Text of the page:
By now you may have already seen that in the Saturday, July 9, edition of the New York Times, Helene Stapinski—best-selling author and freelance journalist—published an article about Dr. Joseph Sciorra, Director of Academic and Cultural Programs, and his quest to procure a headstone for longshoreman Pietro “Pete” Panto. Panto, an Italian American labor activist and foe of the Mafia-run dockworkers union in the 1930s, was murdered in 1939; his body was recovered two years later.
The appearance of such an article is significant for several reasons. First, we are now informed of an important part of our American and Italian American labor history that was not well-known before. Second, the research and subsequent fundraising for the tombstone are part and parcel of an intellectual activism that we all need to do more frequently. Third, given her ability to get things like this accomplished, hats off to Helene Stapinski for informing the public at large of the Panto saga.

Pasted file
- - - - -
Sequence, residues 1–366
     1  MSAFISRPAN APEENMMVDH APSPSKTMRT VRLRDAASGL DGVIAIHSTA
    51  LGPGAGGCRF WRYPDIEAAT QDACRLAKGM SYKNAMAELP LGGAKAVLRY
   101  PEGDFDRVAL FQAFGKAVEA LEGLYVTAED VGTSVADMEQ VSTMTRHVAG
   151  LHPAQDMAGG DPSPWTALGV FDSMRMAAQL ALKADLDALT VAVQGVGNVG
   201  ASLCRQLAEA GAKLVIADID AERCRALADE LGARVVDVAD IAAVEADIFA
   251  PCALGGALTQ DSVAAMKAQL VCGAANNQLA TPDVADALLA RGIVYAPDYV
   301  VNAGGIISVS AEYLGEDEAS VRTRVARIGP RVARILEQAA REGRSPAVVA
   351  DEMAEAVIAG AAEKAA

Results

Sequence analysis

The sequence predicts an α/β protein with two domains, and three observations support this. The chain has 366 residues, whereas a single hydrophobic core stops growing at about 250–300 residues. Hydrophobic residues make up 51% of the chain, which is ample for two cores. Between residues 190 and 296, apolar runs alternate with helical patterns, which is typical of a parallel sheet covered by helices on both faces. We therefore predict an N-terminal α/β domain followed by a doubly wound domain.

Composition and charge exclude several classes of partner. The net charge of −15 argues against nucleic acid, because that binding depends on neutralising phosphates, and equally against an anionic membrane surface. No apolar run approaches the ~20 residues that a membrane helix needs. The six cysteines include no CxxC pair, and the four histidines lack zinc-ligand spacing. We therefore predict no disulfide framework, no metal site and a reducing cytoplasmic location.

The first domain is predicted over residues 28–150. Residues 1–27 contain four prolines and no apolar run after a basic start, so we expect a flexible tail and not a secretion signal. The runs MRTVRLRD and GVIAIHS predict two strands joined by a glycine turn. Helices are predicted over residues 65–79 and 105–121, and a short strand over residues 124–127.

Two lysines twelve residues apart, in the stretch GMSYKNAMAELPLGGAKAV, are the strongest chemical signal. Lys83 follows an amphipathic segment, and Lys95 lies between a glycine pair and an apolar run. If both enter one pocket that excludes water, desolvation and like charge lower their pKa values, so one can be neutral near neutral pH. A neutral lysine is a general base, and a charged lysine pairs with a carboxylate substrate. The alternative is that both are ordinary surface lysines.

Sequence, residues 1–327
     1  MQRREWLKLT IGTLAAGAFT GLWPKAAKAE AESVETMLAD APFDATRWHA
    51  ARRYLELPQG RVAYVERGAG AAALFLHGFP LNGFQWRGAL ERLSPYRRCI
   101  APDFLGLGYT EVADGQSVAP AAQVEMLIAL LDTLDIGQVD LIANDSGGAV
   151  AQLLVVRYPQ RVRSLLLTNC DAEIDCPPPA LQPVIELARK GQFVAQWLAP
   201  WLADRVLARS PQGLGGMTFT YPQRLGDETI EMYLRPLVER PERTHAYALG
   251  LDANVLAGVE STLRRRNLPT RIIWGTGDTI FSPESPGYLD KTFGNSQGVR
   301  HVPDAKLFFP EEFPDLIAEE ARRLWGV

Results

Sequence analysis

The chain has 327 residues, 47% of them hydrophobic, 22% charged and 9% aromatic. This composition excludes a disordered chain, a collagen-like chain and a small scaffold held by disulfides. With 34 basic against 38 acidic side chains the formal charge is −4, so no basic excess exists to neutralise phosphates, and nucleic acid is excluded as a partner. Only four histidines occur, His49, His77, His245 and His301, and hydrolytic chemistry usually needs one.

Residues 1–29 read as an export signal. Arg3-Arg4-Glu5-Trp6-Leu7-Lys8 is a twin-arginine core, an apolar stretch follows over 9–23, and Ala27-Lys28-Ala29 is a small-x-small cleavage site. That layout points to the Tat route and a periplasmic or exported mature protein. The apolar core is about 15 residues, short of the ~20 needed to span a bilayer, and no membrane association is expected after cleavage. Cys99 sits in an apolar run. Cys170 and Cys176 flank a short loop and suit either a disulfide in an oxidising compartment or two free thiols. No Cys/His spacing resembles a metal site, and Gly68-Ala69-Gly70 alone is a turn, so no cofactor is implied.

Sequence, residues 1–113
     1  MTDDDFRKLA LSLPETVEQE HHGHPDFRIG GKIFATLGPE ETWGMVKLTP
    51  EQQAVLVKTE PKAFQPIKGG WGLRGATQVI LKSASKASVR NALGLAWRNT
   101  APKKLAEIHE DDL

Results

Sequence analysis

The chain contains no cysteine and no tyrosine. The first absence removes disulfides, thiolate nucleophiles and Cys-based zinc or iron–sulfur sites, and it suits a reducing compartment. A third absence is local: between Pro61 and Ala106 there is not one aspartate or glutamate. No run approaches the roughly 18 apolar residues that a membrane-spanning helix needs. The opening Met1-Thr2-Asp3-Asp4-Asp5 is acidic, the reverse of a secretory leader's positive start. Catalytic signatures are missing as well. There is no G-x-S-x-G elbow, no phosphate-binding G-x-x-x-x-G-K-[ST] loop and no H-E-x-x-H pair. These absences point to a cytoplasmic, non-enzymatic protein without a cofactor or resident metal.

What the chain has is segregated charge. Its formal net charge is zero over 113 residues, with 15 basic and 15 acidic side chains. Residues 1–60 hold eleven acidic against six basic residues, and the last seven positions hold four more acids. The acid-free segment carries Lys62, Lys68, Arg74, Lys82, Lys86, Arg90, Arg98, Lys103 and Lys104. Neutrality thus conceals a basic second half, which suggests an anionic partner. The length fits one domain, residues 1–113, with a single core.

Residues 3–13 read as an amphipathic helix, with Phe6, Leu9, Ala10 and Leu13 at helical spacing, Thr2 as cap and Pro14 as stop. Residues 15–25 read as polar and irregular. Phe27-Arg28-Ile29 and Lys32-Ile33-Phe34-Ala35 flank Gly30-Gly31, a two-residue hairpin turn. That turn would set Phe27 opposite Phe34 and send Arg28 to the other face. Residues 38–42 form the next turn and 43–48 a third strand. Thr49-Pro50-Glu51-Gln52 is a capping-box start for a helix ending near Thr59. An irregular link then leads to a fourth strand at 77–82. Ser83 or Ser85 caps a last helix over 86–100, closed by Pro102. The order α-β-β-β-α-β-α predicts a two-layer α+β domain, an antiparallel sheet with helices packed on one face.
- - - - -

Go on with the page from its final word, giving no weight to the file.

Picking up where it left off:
Finally, numerous individuals whose names appear on the GoFundMe page donated various sums, often in memory of their dockworker ancestors. Specifically, we wish to thank the trustees of the Francesco and Mary Giambelli Foundation and members of the Italian Heritage and Cultural Committee of New York, who also pledged their financial support.
You can read more about Pete Panto and the effort to mark his grave in the Times article here.
Anthony Julian Tamburri
Dean and Distinguished Professor
The John D. Calandra Italian American Institute
Queens College, CUNY